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Exploratory Data Analysis (EDA) Using R Programming | Exploratory Data Analysis (EDA) of Two Data

Project Instructions

In this two-part project, you will explore core functions within the set of libraries known as the tidyverse.


Note: Utilize the file project2_tests.R with the code below to run a series of tests (not comprehensive) on your code. Any failed test signals that something is wrong with the results or that you have not utilized the specified variable names.

p_load(testthat) 
#testthat::test_file("project2_tests.R") 

Setting Up Your Project

Complete the following steps to create and organize your initial R project.

  1. Create a new R Project called Lastname_Project2.

  2. Create a new R Script and save it into the R folder of your project as Project2_Script.R.

  3. 3. Download the data set 2015.csv from Canvas and save it into the project folder.

  4. Download the data set baseball.csv from Canvas and save it into the project folder.

  5. Download cheat sheets for the tidyr and dplyr packages for quick reference. You can access them from the help menu in RStudio.

  6. Include the following boilerplate code at the top of your file to clear the environment each time you run your complete script.

cat("\014") 	# clears console 
rm(list = ls()) 	# clears global environment 
try(dev.off(dev.list()["RStudioGD"]), silent = TRUE) 	# clears plots 
try(p_unload(p_loaded(), character.only = TRUE), silent = TRUE) 	# clears packages options(scipen = 100) 	# disables scientific notion for entire R session

7. Include the following code at the top of your script (but below the boilerplate code) to load the pacman loader library. Then load the entire tidyverse.

library(pacman) 
p_load(tidyverse) 

Assignment Part 1

Data can measure many things. Countries, for example, can be assessed against a variety of metrics. In addition to the gross domestic product (GDP) of a given country, researchers consider other data points in assessing the quality of life across the globe. To understand how data can be wrangled to measure freedom, trust, and other measures of human life, complete the following steps. The assignment displays the expected outcome after each step.


1. Read the data set 2015.csv and store it in a variable called data_2015. You can test that you loaded it correctly with the code utilizing the head function below.


2. Use the function names to produce the column names for your data set.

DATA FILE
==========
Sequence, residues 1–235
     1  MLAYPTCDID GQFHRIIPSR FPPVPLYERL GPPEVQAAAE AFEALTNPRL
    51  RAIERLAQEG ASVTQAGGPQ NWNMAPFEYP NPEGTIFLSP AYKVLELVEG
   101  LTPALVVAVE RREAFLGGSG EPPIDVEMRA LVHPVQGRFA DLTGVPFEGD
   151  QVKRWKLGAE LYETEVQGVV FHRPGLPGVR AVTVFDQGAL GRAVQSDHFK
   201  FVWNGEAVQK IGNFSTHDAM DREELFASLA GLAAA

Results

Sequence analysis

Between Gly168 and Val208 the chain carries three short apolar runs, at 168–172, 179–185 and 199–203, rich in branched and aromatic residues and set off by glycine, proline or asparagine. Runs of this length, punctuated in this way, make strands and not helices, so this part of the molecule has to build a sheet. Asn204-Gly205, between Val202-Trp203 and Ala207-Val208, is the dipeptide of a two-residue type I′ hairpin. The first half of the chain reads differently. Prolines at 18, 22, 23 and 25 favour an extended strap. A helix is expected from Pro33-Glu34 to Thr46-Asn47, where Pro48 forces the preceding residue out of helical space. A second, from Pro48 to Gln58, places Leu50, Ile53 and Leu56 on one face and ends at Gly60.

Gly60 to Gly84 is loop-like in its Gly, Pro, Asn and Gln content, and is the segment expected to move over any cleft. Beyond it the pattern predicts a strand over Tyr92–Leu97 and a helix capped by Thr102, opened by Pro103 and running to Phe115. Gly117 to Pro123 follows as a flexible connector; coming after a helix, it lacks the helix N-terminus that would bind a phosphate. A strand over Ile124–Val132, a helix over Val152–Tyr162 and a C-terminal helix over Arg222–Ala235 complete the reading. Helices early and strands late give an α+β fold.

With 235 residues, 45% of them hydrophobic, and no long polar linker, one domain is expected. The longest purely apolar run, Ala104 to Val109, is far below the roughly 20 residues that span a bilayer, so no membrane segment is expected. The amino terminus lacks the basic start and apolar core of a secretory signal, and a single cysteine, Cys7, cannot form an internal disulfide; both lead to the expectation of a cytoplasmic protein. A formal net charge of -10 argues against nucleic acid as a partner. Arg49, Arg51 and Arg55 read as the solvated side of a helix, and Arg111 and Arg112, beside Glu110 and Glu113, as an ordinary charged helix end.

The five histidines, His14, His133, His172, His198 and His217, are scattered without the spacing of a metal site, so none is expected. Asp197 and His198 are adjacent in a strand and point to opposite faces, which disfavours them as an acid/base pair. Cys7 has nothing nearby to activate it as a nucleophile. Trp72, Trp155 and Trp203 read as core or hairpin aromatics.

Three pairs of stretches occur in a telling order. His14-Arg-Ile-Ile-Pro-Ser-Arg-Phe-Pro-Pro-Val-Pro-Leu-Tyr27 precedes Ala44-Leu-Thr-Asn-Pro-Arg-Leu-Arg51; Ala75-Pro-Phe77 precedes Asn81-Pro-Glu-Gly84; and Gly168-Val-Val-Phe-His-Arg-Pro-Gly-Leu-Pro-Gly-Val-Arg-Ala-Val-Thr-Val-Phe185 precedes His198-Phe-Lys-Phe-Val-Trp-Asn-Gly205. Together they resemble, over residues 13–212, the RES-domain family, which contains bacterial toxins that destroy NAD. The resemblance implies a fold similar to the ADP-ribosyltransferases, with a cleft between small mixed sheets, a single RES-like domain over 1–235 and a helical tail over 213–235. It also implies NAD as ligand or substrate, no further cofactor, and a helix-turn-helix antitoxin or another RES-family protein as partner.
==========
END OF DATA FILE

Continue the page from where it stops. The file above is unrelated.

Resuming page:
3. Use the view function to view the data set in a separate tab.

4. Use the glimpse function to view your data set in another configuration.

glimpse(data_2015) 

5. Use p_load to install the janitor package. Janitor has a function called clean_names that can be given a data frame to make the names more R friendly. Be sure to store the resulting converted data frame in a variable.

p_load(janitor) 
data_2015 <- clean_names(data_2015) 
data_2015

6. Select from the data set the country, region, happiness_score, and freedom columns. Store this new table as happy_df.



7. Slice the first 10 rows from happy_df and store it as top_ten_df


8. From happy_df filter the table for freedom values under 0.20. Store this new table as no_freedom_df.



9. Arrange the values in happy_df in descending order by their freedom values. Store this new table as best_freedom_df.

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10. Create a new column with mutate in data_2015 called gff_stat. For each row, the gff_stat is the sum of the family, freedom, and generosity values. Store the resulting table right in the data_2015 variable.


11. Summarize the happy_df data set. Your summary should contain the mean happiness_score in a column called mean_happiness, the max happiness_score in a column called max_happiness, the mean freedom in a column called mean_freedom, and the max freedom in a column called max_freedom. Store the resulting table as happy_summary


12. Group the happy_df data set by region. Run a summary that provides the number of countries in each region in a column called country_count, the mean happiness for each region in a column called mean_happiness, and the mean freedom of each region in a column called mean_freedom. Store your resulting table in a variable called regional_stats_df.